Tragedy struck Atlanta over the weekend when a police helicopter crashed and exploded, killing both of the officers onboard who were participating in a search from the air for a missing nine-year-old boy who was later found.
Apparently the helicopter was flying too low, trying to get a good view of the neighborhood, before it hit a power line pole and plummeted to the ground on a bust street near shopping plazas, fast-food restaurants and a gas station.
Atlanta police spokesman John Chafee said yesterday that the little boy was found a couple of hours after the crash—after running away because he was scolded by his mother.
The deceased officers are pilot Richard J. Halford, 48, of Lithia Springs, who had been with the department for 26 years, and Shawn A. Smiley, 40, of Lithonia, a tactical flight officer who joined the department two years ago. Both men were fathers—Smiley had three children under the age of 10.
“Every day, they provided air support for our officers, assisting in major events and searches for suspects and missing persons,” Atlanta Police Chief George Turner said in a news release. “Their value to our citizens and our officers on the street is incalculable.”
Atlanta police spokesman Carlos Campos said trust funds have been set up at Wells Fargo bank locations to help them.
“It’s sad. It’s tragic … for someone to lose their lives trying to find a kid, trying to keep another family together,” Rodney Christian, 22, told the Associated Press as he stood with a crowd of people gathered at the scene early in the morning Sunday.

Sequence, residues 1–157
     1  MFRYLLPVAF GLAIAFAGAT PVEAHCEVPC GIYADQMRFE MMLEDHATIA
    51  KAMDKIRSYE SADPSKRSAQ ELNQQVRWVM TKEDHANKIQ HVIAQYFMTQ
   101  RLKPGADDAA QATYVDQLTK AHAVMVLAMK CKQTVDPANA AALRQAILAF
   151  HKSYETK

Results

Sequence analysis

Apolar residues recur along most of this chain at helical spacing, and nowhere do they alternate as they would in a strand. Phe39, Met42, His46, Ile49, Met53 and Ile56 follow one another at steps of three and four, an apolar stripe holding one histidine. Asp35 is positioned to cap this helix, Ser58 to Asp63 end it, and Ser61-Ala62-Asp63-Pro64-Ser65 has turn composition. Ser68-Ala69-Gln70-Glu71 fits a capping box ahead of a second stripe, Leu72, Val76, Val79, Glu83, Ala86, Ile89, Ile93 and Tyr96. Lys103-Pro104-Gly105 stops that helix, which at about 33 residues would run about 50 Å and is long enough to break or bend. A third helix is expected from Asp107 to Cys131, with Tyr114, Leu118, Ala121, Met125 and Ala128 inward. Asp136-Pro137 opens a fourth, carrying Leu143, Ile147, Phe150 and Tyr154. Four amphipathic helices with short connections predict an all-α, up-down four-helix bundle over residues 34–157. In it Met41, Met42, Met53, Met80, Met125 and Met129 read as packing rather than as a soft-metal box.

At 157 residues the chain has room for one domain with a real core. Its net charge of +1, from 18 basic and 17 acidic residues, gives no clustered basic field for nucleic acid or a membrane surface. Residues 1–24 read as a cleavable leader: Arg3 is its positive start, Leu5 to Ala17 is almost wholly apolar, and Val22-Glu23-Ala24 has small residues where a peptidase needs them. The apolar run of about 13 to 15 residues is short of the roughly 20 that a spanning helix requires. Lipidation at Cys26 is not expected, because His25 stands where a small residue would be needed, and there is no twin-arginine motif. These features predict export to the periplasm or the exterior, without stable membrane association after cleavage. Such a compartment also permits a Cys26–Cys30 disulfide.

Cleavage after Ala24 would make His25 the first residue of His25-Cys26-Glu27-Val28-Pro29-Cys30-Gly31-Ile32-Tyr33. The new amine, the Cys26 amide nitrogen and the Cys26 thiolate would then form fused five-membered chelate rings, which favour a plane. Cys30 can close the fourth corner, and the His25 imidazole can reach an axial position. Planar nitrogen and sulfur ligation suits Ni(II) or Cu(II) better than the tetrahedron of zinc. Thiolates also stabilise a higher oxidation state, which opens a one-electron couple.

“It makes me want to rush home and get back to my kid,” said Christian, who has a 1-month-old baby.
The NTSB had already moved the wreckage of the OH-6A helicopter to a place where investigators can figure out what happened, according to Eric M. Weiss, a spokesman with the National Transportation Safety Board.
The power company had to help remove part of the helicopter’s landing gear from the cables.
“They saw the aircraft, they heard the aircraft, and then they saw a flash of light when it hit the pole and then it crashed into the roadway,” investigator Ralph Hicks said of the witnesses interviewed by the NTSB.
Records with the Federal Aviation Administration showed the helicopter was a Hughes OH-6A manufactured in 1967, a helicopter long used by the military.
Bystander Darryl James, 42, told the AP he had gone with a companion to a check-cashing store Saturday night and heard the helicopter flying overhead. He said he thought it seemed lower than usual.
“The tail end went down and then there was an explosion,” James said. He said he tried to get close to the wreckage. “As soon as I got close enough to it, poom! It exploded.”
Atlanta Mayor Kasim Reed said in a statement that he was saddened by what he called a “terrible accident.”
“We mourn these two brave men and offer our deepest condolences to their families and loved ones,” Reed said.